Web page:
Katharina Hesse was born in Germany. After studying Sinology and Japanese at the National Institute of Oriental Languages and Civilizations in Paris, she moved to China as a graduate student in 1993.
Hesse is a self-taught photographer who has worked throughout Asia for nearly two decades. Her work primarily focuses on social issues in China such as youth and urban culture, religion, and North Korean refugees. Her work has appeared in publications including Courrier International, Courrier Japon, Der Spiegel, D della Repubblica, Die Zeit, EYEmazing, Financial Times (UK & Germany), FT Magazine, Glamour (Germany), Marie-Claire, Le Monde, Le Monde Diplomatique, Le Monde 2, OjodePez, 100Eyes.org, Reporters Without Borders (yearbook 2010, Germany), Stern, Time (Asia), Vanity Fair (Italy & Germany), and Zeit Magazin. In 2011, Hesse and writer Laura Day published Human Negotiations, a book exploring the daily lives of sex workers in Bangkok, Thailand. She is represented by laif Agentur für Photos & Reportagen.
I began photographing North Korean refugees on the Chinese border about nine years ago, when an editor at a U.S. magazine contacted me for a photo assignment but was reluctant to give any details over the phone. Upon arriving in Northern China, I felt like I had entered a different world. As I accompanied a reporter in the barren border region, I listened to horrific tales of survival and violence: hungry people eating roots and grass or being shot for stealing food; civilians fleeing soldiers and living in a constant state of fear.
As we traveled along the border, I heard similar stories repeatedly: people dying of hunger; authorities violently punishing people for stealing food; teenage North Korean defectors missing their families; men in tears, overwhelmed with guilt about those they had left behind. At one interview, a young boy asked what the white liquid was when he saw his first glass of milk.
North Korea’s repressive regime uses selective food allocation as a tool to maintain loyalty among those deemed politically and economically useful. Meanwhile, state-run media produces propaganda designed to convince North Koreans that they are better off than people elsewhere.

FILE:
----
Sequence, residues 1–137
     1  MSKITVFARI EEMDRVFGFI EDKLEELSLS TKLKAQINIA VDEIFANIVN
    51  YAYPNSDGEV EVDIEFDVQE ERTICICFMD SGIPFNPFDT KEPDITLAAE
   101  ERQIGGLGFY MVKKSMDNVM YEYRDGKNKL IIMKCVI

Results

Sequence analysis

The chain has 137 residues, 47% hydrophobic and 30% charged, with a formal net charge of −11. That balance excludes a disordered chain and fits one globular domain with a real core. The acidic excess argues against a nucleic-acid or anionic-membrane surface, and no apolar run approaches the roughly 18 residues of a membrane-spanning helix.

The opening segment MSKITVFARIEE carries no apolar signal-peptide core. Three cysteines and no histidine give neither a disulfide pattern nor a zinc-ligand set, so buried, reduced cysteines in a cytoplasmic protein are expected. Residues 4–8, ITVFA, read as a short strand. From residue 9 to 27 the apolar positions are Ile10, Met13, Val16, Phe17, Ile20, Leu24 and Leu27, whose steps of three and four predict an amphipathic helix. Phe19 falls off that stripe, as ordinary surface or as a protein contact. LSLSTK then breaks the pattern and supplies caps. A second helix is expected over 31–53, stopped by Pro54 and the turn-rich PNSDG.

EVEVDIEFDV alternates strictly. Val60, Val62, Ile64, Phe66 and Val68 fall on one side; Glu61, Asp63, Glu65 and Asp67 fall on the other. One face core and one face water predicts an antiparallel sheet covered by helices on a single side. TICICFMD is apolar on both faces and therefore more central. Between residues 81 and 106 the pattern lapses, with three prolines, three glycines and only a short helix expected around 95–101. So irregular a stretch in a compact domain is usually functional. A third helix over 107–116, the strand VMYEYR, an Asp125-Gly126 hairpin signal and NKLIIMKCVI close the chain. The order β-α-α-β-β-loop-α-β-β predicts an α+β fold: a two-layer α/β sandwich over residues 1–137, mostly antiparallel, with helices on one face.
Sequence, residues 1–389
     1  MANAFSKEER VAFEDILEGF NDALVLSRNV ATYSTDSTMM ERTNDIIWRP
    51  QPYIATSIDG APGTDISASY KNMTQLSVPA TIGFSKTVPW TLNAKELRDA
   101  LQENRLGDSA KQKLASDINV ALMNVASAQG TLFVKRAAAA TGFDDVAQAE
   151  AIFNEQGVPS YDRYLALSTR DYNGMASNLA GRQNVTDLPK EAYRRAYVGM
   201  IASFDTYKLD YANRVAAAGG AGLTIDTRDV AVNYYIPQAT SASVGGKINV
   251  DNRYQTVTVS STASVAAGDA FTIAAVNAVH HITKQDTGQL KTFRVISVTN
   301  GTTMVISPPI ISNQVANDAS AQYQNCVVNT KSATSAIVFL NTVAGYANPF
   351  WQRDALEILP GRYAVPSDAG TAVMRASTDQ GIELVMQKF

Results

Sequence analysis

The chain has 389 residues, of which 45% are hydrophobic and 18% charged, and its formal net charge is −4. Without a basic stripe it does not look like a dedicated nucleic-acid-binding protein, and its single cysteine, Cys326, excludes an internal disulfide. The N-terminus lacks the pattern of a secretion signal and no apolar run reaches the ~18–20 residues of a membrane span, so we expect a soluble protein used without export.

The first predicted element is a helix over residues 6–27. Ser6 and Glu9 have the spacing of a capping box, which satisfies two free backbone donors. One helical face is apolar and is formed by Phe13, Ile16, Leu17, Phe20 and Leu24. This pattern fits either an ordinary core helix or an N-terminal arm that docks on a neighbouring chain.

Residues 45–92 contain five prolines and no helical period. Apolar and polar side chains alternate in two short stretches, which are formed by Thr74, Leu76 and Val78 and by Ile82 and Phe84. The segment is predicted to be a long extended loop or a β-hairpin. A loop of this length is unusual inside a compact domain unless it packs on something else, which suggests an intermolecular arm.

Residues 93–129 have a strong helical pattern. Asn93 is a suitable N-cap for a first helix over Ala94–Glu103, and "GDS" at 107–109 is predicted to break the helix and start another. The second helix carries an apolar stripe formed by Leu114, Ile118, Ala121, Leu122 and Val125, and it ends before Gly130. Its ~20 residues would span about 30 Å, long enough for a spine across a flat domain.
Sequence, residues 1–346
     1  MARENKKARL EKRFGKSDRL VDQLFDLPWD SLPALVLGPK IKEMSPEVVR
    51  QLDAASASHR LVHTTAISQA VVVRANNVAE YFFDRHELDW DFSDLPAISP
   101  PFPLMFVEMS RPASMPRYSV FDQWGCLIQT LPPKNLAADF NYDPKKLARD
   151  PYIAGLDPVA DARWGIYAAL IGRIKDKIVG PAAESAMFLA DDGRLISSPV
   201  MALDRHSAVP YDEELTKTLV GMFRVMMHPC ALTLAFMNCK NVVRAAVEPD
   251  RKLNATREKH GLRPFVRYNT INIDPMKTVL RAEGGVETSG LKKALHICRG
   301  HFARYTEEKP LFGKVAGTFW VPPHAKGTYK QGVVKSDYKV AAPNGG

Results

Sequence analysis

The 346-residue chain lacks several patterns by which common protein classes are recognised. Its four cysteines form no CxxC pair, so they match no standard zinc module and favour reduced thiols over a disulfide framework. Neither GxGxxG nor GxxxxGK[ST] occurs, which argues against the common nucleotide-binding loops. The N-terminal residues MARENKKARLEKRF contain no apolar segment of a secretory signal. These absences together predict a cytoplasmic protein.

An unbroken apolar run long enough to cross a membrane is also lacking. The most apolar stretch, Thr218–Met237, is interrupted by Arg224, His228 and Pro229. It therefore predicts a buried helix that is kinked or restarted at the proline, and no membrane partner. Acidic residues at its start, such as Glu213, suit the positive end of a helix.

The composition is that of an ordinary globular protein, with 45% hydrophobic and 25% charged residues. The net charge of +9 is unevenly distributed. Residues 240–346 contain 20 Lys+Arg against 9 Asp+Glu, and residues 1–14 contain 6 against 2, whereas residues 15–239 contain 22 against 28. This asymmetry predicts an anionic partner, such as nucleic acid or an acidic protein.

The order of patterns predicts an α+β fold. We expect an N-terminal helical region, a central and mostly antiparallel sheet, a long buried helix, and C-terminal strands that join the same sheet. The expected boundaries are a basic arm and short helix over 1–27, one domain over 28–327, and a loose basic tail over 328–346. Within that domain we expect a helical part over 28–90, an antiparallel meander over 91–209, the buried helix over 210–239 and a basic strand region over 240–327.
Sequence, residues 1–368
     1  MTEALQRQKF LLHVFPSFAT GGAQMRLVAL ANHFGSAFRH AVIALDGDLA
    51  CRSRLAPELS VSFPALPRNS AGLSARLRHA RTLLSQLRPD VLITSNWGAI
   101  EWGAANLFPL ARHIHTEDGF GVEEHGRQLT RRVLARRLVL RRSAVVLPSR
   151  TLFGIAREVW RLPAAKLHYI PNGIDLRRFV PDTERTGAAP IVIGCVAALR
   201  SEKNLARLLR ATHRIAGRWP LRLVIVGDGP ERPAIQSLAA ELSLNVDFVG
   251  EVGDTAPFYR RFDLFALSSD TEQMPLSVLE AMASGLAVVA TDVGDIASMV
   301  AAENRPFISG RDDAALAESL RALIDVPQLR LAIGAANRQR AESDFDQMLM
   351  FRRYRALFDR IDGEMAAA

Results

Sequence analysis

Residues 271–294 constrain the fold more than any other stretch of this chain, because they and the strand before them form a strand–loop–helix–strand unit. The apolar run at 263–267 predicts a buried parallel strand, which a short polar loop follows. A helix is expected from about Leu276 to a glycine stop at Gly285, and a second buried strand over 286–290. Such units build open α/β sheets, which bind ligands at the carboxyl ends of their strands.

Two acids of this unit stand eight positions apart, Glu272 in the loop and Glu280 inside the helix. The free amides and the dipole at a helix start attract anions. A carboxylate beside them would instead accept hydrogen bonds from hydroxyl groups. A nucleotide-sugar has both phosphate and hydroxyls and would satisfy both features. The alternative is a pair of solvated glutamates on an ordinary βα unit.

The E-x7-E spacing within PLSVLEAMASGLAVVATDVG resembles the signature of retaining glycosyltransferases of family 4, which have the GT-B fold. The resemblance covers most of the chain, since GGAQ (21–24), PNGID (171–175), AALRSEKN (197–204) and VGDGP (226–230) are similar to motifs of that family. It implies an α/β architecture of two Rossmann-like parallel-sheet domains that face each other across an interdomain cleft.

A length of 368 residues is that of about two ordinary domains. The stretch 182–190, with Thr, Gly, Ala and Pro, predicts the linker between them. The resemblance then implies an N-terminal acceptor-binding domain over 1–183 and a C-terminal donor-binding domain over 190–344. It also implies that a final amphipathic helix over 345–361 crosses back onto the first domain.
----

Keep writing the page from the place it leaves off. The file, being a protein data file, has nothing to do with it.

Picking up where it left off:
After experiencing a world like this, it just didn’t feel “right” to take pictures and move on to the next job. The fear among these people was overwhelming. It was only on the condition that their identities were protected that I could photograph them. Locations could not be recognizable and names could not be used in text. To my surprise, North Koreans in Seoul made similar demands even though they had fled the North years ago.
Recent increases in access to foreign media and trade with businesspeople from neighboring countries like China have given many North Koreans more information about the outside world and the poor conditions in their own country.
Although North Koreans could be eligible for official UN refugee status, China prefers to categorize North Koreans as economic migrants. Therefore, most North Korean refugees on the border live in limbo without any protection from either China or international organizations like the UNHCR.
Borderland provides a more intimate and personal narrative to existing media coverage of North Korea as the world’s “most reclusive” communist country. As media attention fluctuates, North Korea’s refugees remain an enduring presence whose stories need to be told.
—Katharina Hesse, April 2013